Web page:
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Problems with the net present value methodology for investment appraisal

Net present value is a strong tool of the investment analyst

It is widely acknowledged that the net present value investment appraisal methodology is one the best tools an investment analyst has at their disposal. It fully considers the time value of money. Additionally, the metric makes for easy comparability between alternative investments.

The time value of money element is important. Over time money depreciates in value, wheather from inflation, whether due to a next best alternative or whether due to risk. The point is that money is worth more today than it is in the future. Hence, the need to discount future earnings when appraising an investment opportunity.

Difficulties with a discount rate


A key question for a user of the net present value tool is at what discount rate should an analyst discount the investment? A lower discount rate could significantly increase the estimated value of the investment versus a higher rate. How do you choose a discount rate?

The technical answer is that the discount rate is a risk free rate of return plus a risk premium. The risk free rate is an interest rate that's charged on an investment with little to no risk - normally government bonds such as US treasury bonds. However, the problem still exists when it comes to the risk premium.

How are you supposed to now what interest rate fully reflects the additional risk inherent within an investment? Hard to say. Mostly this is just a finger in the air exercise, an average industry rate or gut feel. A surprising answer for something that can have such a big influence on value.

Some investors take a prudent approach. They adopt a high discount rate of 15%-20% just to be cautious. If the investment still looks good at this high discount rate (regardless of whether it's accurate) then they'll look to invest. Essentially, this naturally builds a margin of safety into the investment.

What are the future cash flows?


Another difficulty with any investment appraisal involves trying to estimate the future cash flows. Whilst it would be nice to assume that every business grows at a set interest rate each year this is far from true.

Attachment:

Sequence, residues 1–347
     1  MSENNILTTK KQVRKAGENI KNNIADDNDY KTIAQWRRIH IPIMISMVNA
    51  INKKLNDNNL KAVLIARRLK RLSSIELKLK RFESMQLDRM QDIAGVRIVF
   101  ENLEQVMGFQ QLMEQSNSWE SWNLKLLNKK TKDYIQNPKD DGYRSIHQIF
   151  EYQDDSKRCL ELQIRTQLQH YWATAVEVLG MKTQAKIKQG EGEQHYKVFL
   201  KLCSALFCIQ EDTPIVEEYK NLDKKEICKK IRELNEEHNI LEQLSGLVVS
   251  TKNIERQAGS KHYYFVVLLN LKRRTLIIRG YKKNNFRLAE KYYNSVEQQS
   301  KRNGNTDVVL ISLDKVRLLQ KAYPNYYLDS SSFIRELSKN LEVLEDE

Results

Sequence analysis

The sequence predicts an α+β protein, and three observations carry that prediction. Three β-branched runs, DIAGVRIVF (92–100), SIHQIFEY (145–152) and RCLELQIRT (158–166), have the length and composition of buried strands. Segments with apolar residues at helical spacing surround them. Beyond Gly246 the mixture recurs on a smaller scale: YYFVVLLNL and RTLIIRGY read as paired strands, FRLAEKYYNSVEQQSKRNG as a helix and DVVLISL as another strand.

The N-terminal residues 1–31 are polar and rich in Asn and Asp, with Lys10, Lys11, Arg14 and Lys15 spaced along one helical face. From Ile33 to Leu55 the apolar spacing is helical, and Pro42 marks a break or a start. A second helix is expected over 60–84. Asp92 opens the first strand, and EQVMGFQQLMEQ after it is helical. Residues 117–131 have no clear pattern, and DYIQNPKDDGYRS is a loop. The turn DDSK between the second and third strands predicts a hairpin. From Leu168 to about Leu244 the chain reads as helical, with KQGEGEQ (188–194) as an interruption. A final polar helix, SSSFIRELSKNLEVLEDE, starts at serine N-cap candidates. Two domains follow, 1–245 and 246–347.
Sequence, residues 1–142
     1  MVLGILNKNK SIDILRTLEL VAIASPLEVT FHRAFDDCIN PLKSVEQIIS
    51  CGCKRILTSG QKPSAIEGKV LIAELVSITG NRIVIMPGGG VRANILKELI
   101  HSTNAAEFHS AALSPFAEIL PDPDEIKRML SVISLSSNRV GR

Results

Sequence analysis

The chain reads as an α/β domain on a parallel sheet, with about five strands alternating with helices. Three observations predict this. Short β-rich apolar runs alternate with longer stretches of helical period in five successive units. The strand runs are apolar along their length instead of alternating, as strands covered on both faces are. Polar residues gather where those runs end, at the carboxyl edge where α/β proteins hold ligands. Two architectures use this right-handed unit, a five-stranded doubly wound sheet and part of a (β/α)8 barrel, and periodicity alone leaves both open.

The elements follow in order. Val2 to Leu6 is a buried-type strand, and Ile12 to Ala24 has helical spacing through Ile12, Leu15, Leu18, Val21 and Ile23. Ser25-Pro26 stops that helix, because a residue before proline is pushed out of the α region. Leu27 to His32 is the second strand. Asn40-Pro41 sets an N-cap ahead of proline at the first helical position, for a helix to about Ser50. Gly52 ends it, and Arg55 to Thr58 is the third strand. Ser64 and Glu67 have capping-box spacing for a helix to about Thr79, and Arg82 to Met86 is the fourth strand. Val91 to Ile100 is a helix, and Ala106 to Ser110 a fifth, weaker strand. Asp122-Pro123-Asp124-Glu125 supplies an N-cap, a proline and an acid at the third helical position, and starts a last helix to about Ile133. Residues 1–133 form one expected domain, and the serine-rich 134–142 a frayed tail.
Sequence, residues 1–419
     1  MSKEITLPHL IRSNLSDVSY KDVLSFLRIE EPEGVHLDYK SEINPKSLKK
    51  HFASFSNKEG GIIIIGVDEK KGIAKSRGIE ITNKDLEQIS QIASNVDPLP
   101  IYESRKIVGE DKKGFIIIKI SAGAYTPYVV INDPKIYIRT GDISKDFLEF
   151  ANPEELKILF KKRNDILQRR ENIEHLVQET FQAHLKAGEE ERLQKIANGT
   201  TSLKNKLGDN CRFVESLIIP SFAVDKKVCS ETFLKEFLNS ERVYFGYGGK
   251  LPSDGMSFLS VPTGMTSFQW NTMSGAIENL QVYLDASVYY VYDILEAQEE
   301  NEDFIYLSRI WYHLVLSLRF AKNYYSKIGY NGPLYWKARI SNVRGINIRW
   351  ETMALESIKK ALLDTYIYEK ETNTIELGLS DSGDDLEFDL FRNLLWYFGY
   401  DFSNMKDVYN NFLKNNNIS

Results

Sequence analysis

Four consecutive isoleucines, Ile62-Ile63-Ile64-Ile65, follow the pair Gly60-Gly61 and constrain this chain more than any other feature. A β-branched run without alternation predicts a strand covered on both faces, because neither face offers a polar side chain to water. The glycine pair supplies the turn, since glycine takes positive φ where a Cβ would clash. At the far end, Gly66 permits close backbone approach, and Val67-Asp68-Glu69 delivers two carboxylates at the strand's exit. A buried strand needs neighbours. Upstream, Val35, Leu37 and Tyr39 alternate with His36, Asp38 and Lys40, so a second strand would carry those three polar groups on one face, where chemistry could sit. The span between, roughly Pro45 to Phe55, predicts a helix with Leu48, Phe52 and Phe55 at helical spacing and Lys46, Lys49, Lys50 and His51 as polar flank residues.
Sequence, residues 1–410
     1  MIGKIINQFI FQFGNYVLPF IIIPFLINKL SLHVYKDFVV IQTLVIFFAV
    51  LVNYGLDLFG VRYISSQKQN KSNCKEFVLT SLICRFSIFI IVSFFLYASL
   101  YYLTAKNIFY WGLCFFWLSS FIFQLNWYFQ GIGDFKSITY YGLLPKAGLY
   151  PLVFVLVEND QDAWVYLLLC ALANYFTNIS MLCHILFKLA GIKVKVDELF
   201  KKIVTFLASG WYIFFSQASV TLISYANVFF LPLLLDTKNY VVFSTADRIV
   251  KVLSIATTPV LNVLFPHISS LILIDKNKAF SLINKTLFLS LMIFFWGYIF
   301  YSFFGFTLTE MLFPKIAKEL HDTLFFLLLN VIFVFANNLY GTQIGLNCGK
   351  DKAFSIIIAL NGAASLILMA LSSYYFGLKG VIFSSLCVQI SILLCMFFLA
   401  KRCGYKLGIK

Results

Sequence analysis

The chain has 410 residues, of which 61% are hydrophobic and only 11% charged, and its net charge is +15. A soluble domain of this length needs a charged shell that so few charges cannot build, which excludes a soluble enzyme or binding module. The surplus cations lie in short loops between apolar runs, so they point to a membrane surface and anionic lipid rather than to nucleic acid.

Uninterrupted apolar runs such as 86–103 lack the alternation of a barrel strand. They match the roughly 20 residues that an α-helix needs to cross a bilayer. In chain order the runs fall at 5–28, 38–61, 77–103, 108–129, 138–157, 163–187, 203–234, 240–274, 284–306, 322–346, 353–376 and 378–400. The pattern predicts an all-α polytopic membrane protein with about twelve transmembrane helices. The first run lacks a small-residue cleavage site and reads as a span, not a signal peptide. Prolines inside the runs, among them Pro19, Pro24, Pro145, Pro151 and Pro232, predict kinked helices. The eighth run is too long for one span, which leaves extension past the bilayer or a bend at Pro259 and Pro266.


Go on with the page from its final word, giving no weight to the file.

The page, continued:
Businesses are multi-faceted. There are millions of cogs within the business machine, all turning at different speeds and affective different areas of the company. The life of an analysis is trying to understand in broad terms the general direction of travel of cash generation from the business.

I wish I could tell you that estimating the future cash flows is easy or that there was a nice shortcut. Unfortunately I know for a fact that this isn't the case. Furthermore, most people are probably liable to make a mistake.

I work full time for a team that build forecasting and investment analysis models. Some of these businesses are relatively small with revenue under £100million. However, the  financial models still take a number of weeks to build even though we have the business owners explaining how their business works. 

An external investor without access to the business owner will find it extremely difficult to produce an accurate model. My recommendation is to start with listed businesses, where the financial information exists and it available. 

Without intimate knowledge of how financial statement and financial models are put together I recommend stearing clear of investing in individual stocks. Pick an index fund instead.

However, if you are set on investing in individual stocks then forcash flows in future periods, make a reasonable and prudent estimate based on how the cash flows that have developed to date. How have they grown in the past. Apply that growth in the future. Keep up to date with the news surrounding that company and continue to challenge your assumption.

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